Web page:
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Cat and ticks

Finding a tick (or several) on your cat is never much fun. Not only is the tick itself very unpleasant to look at and touch, but the knowledge that ticks can actually pose some risks to the cat is something that5 worries many cat owners. Whether you have a cat that gets ticks frequently, or you have a cat that gets them less frequently, ticks are something that most people want to avoid.
Are you worried about your cat getting sick from a tick bite? In this article, we'll go through everything you should know about ticks as a cat owner - what are the different diseases your cat can get? What is the risk of illness from a bite? What can you do as a cat owner to reduce the risk of tick bites? Join us!

Ticks and the risk of disease from bites

There is no doubt that the tick belongs to the category of one of the most hated insects in our nature. Many people would agree! The fact that ticks are so highly regarded is not only because they are unpleasant in themselves, but also largely because they can contribute to various diseases.

Not all ticks carry disease

However, no matter how unpleasant ticks can be, there is one thing that all cat owners should know - the chances of your tick bitten cat actually contracting a particular infection or disease are small.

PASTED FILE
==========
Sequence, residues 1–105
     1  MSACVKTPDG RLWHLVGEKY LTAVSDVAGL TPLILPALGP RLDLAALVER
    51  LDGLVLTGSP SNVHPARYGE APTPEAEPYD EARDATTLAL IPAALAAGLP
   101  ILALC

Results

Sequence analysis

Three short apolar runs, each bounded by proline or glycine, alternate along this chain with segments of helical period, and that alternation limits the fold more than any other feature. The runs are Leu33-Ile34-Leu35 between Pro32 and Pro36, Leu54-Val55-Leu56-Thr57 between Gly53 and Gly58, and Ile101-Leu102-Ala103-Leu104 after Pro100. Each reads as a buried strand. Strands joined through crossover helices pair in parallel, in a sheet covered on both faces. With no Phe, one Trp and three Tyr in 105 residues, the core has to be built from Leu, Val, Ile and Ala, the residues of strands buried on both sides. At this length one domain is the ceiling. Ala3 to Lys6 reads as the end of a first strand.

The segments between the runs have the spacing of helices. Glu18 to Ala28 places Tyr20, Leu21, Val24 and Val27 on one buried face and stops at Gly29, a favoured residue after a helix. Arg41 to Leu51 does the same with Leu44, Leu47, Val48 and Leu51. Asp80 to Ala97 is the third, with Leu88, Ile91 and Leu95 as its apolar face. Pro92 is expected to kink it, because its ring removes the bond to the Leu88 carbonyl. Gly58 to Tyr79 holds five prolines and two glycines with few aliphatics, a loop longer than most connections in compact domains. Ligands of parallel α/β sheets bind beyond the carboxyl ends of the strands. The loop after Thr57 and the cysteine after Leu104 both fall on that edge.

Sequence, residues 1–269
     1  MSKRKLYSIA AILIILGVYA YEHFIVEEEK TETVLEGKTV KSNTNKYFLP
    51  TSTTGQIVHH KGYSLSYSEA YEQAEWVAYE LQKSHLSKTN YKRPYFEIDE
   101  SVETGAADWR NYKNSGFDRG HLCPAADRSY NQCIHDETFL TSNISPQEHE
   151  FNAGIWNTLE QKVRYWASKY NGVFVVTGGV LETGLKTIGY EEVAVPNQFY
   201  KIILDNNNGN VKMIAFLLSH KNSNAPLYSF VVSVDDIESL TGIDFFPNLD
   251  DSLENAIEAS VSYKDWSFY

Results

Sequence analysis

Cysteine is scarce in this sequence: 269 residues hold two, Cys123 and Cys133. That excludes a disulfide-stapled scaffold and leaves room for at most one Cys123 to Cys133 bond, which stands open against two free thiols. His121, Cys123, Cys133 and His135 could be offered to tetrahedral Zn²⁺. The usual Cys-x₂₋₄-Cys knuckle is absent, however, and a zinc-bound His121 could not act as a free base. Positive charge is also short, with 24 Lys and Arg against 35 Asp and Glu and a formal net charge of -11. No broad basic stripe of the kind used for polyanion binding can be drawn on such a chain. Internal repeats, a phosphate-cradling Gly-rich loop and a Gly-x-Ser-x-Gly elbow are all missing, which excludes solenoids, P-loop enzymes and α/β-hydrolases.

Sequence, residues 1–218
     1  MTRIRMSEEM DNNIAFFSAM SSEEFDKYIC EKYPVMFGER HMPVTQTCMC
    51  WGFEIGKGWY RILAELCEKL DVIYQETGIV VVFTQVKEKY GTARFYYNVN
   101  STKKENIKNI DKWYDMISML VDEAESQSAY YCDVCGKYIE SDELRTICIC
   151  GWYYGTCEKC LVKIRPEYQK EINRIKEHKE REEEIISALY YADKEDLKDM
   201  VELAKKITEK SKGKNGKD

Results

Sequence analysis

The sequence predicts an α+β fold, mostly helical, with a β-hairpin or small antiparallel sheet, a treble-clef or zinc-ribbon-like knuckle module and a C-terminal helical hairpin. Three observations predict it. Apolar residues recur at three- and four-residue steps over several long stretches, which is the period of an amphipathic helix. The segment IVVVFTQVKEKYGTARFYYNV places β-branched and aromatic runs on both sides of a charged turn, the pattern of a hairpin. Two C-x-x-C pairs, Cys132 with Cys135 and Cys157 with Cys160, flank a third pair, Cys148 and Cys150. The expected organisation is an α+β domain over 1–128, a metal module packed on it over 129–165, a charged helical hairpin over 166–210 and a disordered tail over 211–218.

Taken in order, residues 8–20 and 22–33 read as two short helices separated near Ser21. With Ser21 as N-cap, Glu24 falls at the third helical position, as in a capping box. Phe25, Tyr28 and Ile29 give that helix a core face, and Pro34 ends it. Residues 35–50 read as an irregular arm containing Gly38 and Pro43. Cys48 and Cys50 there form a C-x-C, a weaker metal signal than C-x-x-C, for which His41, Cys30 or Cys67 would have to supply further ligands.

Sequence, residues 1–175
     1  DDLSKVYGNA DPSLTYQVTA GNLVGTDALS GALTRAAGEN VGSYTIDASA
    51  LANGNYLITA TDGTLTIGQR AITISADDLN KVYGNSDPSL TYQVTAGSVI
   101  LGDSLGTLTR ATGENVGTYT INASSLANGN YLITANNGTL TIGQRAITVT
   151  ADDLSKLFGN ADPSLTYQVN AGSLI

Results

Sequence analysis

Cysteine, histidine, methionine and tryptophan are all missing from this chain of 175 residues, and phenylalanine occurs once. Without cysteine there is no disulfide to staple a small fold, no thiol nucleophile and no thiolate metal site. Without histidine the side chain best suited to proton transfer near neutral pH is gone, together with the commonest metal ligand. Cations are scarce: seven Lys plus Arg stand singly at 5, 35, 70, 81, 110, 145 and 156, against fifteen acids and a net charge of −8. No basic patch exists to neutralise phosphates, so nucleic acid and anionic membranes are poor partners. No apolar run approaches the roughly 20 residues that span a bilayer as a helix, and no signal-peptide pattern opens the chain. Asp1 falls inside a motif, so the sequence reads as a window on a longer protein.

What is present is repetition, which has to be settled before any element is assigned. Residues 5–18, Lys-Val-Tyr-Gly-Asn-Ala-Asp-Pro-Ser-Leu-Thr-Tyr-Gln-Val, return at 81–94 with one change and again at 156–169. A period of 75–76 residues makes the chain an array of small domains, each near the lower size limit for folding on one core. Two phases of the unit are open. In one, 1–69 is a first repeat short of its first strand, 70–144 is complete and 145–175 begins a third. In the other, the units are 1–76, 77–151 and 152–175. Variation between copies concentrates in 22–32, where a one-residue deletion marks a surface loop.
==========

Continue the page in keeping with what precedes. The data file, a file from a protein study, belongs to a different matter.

That's not least because a large proportion of all nature's ticks are contagious. The risk that your cat gets sick from a tick is quite small as the cat does not actually need to be infected even though the tick is contagious. The infection does not need to be passed on to your cat.

What can I do to prevent and counteract tick bites?

Although the risk of your cat contracting a particular disease from a tick bite is quite small, it is always wise to take preventive action. Below we give you our best tips on how you as a cat owner can prevent and counteract tick bites and their possible risks!

Regular examinations

Examining your cat regularly is always a good idea. Ticks can settle anywhere, but they often settle near the face, on the neck and in the armpits. Make sure you examine the whole cat. Feel and comb thoroughly, preferably several times.

Aids and tick repellents

There are many different products, aids and medicines available today that can help if your cat is frequently affected by ticks. However, always remember to read the packaging; the tick repellent you choose must be for cats. Scalibor tick collar for dogs is an example of such a tick repellent that must not be used for cats, it is very toxic for cats! There are other tick collars you can use that are suitable for cats.
If you accidentally put a collar on your cat that is not for cats, contact a vet immediately.

Removing a tick - how to do it

Has your cat got a tick? Then it should be removed as soon as possible! The longer the tick remains, the greater the risk of the cat becoming infected, which in turn can lead to illness. We know it can be scary to remove the tick, but for your cat's sake you need to bite the bullet and do it.
Luckily, it's recommended that you don't use your bare fingers to remove it. Instead, you should use a tick picker or tweezers to get a good, firm grip. With this, you proceed as follows:
  • Grasp the tick with your tool. Make sure you get as close to the skin as possible to grab the whole thing.
  • Pull straight out from the cat's skin.
  • If there is any residue left, try to remove it.
  • After removal, the skin may become a little red and irritated, and a small wound may form. However, you will rarely need to treat this as it usually goes away on its own after a few days.

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